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As second lockdown begins, charities urge government to tackle child poverty

Prime minister Boris Johnson has been urged to do more to protect vulnerable children from a ‘winter of hunger and hardship’ by leading children’s charities.

Action for Children, Barnardo’s, NSPCC, NCB and The Children’s Society have united to call for the government to work with them to establish short and longer-term measures to help vulnerable children through the challenging period ahead.

Mark Russell, Chief Executive of The Children’s Society, said: “The number of children living in poverty is growing each year, with three in every ten children now affected. This is unacceptable and the government must act now.

“The Prime Minister talks of building back better, we want him to prove this is more than just a slogan. Children must be put at the heart of recovery and we would urge him to move forward with our suggestions to tackle the endemic issues of poverty.

“Every child deserves a future full of promise but the Covid crisis is jeopardising the hopes and chances of young people in this country, that’s why we must work together to ensure every child can thrive,” he added.

The COVID-19 pandemic has already disproportionally affected low income families, with many experiencing income and job losses, while also facing the increased expenses of having children at home while schools were closed. As the country is going back into lockdown today, the challenges families face are likely to intensify.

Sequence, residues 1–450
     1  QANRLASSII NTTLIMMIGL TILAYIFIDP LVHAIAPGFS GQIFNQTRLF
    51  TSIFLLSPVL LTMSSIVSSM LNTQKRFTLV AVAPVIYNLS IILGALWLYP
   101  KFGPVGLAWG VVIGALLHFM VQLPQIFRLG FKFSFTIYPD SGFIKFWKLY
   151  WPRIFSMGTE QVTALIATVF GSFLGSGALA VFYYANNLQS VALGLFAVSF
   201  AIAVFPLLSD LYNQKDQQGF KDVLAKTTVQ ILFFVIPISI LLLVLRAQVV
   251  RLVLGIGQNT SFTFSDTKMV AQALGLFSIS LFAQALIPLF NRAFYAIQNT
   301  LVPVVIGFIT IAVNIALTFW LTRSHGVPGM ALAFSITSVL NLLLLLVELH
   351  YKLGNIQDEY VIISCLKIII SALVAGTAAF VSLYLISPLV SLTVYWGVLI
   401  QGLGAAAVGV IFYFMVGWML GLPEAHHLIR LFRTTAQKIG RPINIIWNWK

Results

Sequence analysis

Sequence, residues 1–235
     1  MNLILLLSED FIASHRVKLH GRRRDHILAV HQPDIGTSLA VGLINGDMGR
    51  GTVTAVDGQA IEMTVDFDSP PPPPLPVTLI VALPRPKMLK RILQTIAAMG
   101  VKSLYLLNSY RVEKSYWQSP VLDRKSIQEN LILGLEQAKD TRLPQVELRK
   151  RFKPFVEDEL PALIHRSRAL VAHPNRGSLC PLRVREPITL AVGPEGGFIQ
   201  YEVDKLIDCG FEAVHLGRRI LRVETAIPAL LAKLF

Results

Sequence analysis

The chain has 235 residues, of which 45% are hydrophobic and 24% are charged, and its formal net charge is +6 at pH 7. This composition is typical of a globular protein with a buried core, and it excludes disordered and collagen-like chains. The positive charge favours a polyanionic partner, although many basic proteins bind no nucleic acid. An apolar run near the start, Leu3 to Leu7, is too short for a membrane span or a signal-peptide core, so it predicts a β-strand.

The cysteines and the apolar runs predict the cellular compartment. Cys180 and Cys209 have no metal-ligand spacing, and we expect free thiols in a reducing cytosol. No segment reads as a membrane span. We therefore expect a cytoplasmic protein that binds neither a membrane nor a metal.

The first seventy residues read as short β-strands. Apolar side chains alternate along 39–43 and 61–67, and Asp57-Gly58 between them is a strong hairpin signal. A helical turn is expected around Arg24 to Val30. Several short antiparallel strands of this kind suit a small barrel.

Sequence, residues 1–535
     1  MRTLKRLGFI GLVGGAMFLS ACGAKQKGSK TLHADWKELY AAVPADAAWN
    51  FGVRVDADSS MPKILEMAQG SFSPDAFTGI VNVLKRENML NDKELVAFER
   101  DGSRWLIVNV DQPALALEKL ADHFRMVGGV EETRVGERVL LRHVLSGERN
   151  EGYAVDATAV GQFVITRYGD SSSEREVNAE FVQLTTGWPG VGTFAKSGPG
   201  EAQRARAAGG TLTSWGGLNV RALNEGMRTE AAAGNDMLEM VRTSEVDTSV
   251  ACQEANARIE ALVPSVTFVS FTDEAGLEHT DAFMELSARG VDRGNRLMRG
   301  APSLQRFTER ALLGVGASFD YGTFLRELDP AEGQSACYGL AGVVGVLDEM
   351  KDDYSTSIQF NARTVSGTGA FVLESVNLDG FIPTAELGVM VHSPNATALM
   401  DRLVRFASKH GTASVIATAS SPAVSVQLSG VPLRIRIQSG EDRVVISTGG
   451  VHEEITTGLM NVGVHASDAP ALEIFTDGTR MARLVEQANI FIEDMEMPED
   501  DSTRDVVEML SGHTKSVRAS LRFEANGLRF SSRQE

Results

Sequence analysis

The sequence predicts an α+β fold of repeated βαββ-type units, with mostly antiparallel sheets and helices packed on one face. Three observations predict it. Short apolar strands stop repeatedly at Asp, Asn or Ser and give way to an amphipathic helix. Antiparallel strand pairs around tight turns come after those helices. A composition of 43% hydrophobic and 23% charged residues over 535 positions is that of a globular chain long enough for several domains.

Public support for tackling child poverty is at an all-time high, and the charities are asking the prime minister to stand by his commitment to make sure that no child goes hungry this winter and to work with them to improve support for struggling families.

The charity’s leaders have urged the government to do more to stop poverty and inequality hampering children’s life chances and say the government must tackle the widespread problems and create an overarching strategy to reduce them.

The chief executives propose a number of solutions including extending the provision of free school meals, investing more in children’s services, improving the welfare system and tackling educational inequalities.

Barnardo’s Chief Executive Javed Khan said: "The COVIID-19 pandemic has exacerbated deep-rooted inequalities in our society, and threatens to set vulnerable children back further.

“The crisis is wreaking havoc on children’s mental health and wellbeing, putting more at risk at home, online and in the community, and means more families face a winter struggling to pay for food and fuel. Those living in digital poverty are falling further behind with their education and missing out on key opportunities. Some groups face additional risks, like children caring for unwell relatives, young people leaving the care system, and those from Black, Asian and minority ethnic communities.

“Today’s young generation face extremely complex challenges, and the pandemic must be a catalyst for real change. We stand ready to work with the government to design the short and longer-term solutions that will give the most vulnerable children the best possible chance of a positive future,” he added.

WillisPalmer has long been concerned about the impact of lockdown on vulnerable families and we launched our Children’s Charter in September calling for vulnerable children to be supported as they returned to school. This was updated last week reflecting on the situation for vulnerable children after one term back at school .

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